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Reforesting Forests and Mountains Back To Life
Sister Marvie’s Earth Ministry in the Philippines
by Sister Marvie L. Misolas, MM
The winding road that Joe, our driver, followed after exiting the main highway was narrow and winding. Typical wooden structures intermittently appeared as we drove past part paved and rugged paths. Finally, Beth Galas, the community organizer said, “We are here!” We arrived in Barangay Calawis in Antipolo. This area of Antipolo is largely part of the Marikina Upper Watershed Protected Landscape where the forests and mountains have been deforested badly causing flash floods in the lower areas during typhoon and rainy seasons draining itself to Marikina River.
I climbed a carved hardened mud stairs to the top. My mind was wandering just how slimy these mud stairs during rainy days. At the top of the stairs, a covered vegetable nursery is bursting with greens. Light shades of green lettuce sparkling under the sun dancing like jagged jades. The meeting hall was still empty. Virgie, the leader of the group arrived and opened the locked nursery, showing me their community vegetable garden.
One by one, the women, some with their children came and sat inside the hall, made of bamboos. I was told some of them had to walk for 4 hours to get there. This group is composed of Dumagats-Remontado tribes, and migrants to the area. I suggested that while waiting for the people to arrive that I see their seedling nursery. It was not very far from the meeting area. I was so impressed to see how lush and green are the seedlings in black polybags, some are about two feet high, ready for planting in June/August, when rain comes. The nursery is filled with wonderful energy, the little plants bursting forth and shining with their fresh green shoots. These seedling totaling more than 100,000 are left from the 200,000 seedlings planted last year.
My three companions started sharing their stories…how their lives were changed because of Maryknoll Sisters helping them by providing funding to buy the polybags. They were able to purchase 200,000 bags, which they all used for planting the seedlings. Last year’s planting of 100,000 seedlings have given many of their members much needed income to sustain their families.
The project did not only benefit the household, but helped their organization opened a rice cooperative, helping members secure rice loans for staple and pay it back. The farmers and forest dwellers were able to veer away from cutting down forest for charcoal making, their only means of livelihood from the forest. For one of the women, she and her husband were able to get married in the Church. One of the elders was very proud, his daughter were able to graduate from college and is now teaching in the local primary school. What is also exciting to know is the return of the biodiversity in the area…like fireflies, lizards, wild chickens, frogs, and many other animals have come back which was truly amazing. I cried listening to them, because their stories gave me so much hope how the environment can be helped regenerate itself.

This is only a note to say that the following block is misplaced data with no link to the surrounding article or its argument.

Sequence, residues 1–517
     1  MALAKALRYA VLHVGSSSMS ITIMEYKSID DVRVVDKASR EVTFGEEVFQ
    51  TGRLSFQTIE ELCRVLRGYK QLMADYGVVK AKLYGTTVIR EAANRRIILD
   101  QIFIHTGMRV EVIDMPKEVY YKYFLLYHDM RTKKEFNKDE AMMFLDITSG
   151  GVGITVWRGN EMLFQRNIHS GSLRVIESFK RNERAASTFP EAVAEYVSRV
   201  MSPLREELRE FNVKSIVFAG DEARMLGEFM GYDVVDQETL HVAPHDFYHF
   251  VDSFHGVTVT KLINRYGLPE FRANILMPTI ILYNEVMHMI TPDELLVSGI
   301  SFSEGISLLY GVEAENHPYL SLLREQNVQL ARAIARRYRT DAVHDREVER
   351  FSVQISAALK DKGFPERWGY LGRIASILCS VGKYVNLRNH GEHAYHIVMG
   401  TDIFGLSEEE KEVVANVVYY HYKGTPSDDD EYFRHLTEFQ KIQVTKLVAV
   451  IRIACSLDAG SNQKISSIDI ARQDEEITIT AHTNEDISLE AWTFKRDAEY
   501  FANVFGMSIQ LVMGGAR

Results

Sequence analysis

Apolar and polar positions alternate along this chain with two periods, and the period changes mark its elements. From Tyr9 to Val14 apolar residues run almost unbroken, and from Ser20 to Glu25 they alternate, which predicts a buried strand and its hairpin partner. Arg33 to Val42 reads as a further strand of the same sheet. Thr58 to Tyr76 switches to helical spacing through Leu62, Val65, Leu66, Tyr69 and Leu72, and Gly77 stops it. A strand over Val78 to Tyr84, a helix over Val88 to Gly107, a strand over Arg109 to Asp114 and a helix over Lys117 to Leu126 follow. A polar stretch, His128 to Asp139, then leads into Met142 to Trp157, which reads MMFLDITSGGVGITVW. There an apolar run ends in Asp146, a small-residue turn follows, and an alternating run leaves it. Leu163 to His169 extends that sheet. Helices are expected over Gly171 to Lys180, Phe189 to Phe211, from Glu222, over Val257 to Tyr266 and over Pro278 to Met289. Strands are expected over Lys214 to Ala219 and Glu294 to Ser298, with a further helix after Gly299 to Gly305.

“I used to cut the forests to make charcoal, now I plant trees
and realized my responsibility to care for the forest
which gives us life.”
We were back in the meeting hall and the people also shared their little victories, how the project brought positive effects to their lives. The continuation of the project, have made it possible for the young mothers to stay in their homes to start seedlings for sale to the government reforestation program. This means they can have continuous livelihood and at the same time, heal the forests and care for the environment.
When asked what kind of help they would still need, they said: planting tools such as planting spades, shovels, mattocks, grass cutters, etc. They need to make fire lines to protect the young trees from forest fires and monitor their growth. They also need boots for protection from snakes. They also appealed if they can be helped to give their children school supplies for the coming school year in June and some basic medicines for fever and pain.
The women asked if they could be helped to plant cash crops such as turmeric and post-harvest processing and marketing. This way, they said, they can continue to support their husbands while staying with their younger children. Their experience going to the planting site, they had to go for two weeks away from families. Children are left with relatives while they plant. The Calawis group now has 95 members, majority are women, numbering 54. This group is pretty much organized.
They hope Maryknoll Sisters will continue to support their little steps towards development and sustain their community and forest economy. They vowed to protect the forest so that it can recover and biodiversity restored. They thank the Maryknoll Sisters and their benefactors.
Please help Sister Marvie in her mission, as well as all our Sisters who serve poor, oppressed and marginalized people in 24 countries around the world.
“We are not here on Earth to be alone, but to be a part of a living community, a web of life in which all is sacred. Like the cells of our body, all of life is in constant communication, as science is just beginning to understand. No bird sings in isolation, no bud breaks open alone. And the most central note that is present in life is its sacred nature, something we need to each rediscover and honor anew. We need to learn once again how to walk and breathe in a sacred universe, to feel this heartbeat of life. Hearing its presence speaks to us, we feel this great bond of life that supports and nourishes us all. Today’s world may still at times make us feel lonely, but we can then remember what every animal, every insect, every plant knows — and only we have forgotten: the living sacred whole.”